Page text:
Toppings – you’re not making baby food so add some textural contrast to the creamy soup. I usually add some toasted seeds, roasted nuts, or croutons. Add the topping just before serving the soup so they stay crunchy.
Roast the squash – sure, you can boil the squash too, but roasting rids the squash of excess moisture and concentrates its flavor. This is a great technique especially for sweet vegetables – like sweet potatoes and squashes, or brassicas – like broccoli and cauliflower. The reason roasting works so well is that it breaks down large sugars into smaller, sweeter ones, intensifying the vegetables’ natural sweetness.
The more deeply you brown the squash in the oven, the more intense and caramelized its flavor will be. And since you’ll be puréing the soup anyway, there’s no real risk of overcooking the squash aside from flat-out burning it. One of the most common issues with creamy soups comes from under-cooking the vegetables. The squash should be uniformly soft, with little to no resistance when you test them with a fork. If the squash is under-cooked, it won’t stand up to the blender, resulting in a soup that’s watery in portions and lumpy in others.
Caramelize the onions – I’m not talking about browning the onions. I’m talking about caramelizing them. Yes, there’s a difference and it’s pretty significant. While you can have browned onions in a few minutes, caramelization takes time, sometimes longer than 30 minutes. Caramelized onions have a deep sweetness and a gorgeous amber color. Generally, the deeper the color, the sweeter the flavor. Is it worth the wait? I certainly think so.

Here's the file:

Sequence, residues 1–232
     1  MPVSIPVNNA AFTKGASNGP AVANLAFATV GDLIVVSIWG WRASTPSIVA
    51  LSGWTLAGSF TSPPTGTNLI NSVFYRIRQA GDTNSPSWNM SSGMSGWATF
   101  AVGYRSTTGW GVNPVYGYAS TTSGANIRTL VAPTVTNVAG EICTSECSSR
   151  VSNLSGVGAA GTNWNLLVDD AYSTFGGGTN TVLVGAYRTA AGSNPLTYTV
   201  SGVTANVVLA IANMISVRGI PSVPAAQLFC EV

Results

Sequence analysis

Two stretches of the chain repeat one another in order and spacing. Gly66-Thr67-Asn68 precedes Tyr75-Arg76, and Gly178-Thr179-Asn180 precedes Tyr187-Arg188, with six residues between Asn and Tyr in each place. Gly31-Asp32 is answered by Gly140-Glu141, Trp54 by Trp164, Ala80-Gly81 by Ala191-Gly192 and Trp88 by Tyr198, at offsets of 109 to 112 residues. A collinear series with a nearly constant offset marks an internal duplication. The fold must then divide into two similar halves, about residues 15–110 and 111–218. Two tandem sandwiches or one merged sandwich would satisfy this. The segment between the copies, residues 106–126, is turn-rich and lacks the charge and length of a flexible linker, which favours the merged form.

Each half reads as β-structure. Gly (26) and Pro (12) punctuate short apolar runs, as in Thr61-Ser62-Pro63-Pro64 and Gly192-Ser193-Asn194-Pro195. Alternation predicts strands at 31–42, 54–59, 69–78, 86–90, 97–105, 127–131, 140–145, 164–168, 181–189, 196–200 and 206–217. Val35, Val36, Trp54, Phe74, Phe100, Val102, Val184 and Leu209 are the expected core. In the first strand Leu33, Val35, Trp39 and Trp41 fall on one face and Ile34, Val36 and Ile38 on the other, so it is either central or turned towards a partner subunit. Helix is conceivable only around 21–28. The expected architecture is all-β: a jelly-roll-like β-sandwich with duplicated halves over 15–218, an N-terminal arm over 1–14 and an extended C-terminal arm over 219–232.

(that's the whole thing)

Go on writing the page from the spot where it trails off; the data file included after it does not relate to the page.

Don’t add too much liquid when you blend – when you add broth to your soup, pour in just enough so the blender can do its job. If, after you blend it, your purée is too thick, add more broth in small increments. You can always add more broth, but you can’t remove it. Good butternut squash soup should be thick and hearty, not watery and bland.
There are many reasons I love puréed soups, like their ease, their diversity, and their appealing comfort value, especially when it’s cold and rainy outside. Aside from this Creamy Butternut Squash Soup, I also love this cauliflower-based cream of mushroom soup.
Soups are also a great way to eat more vegetables, something that many of us are in dire need of. You can serve them as a main course (with some hearty bread alongside it) or just as an appetizer. You can make them with the season’s best produce, or with anything you find in your fridge. See how versatile these puréed soups are?
Don’t forget to leave a comment if you try this recipe. I read every single one of them.
Tools You’ll Need
1. Blender (Vitamix Pro 750) | 2. Cookware Set (Calphalon, Stainless Steel) | 3. Baking Sheet (Pampered Chef, Stone) | 4. Cutting Board (12″x 9″, Midori Way, Bamboo) | 5. Can Opener (Zyliss, Stainless Steel) | 6. Knife Set (6 Pieces, Utopia, Stainless Steel) | 7. Measuring Cups (Set of 6, Bellemain, Stainless Steel) | 8. Measuring Spoons (Set of 6, 1Easylife, Stainless Steel)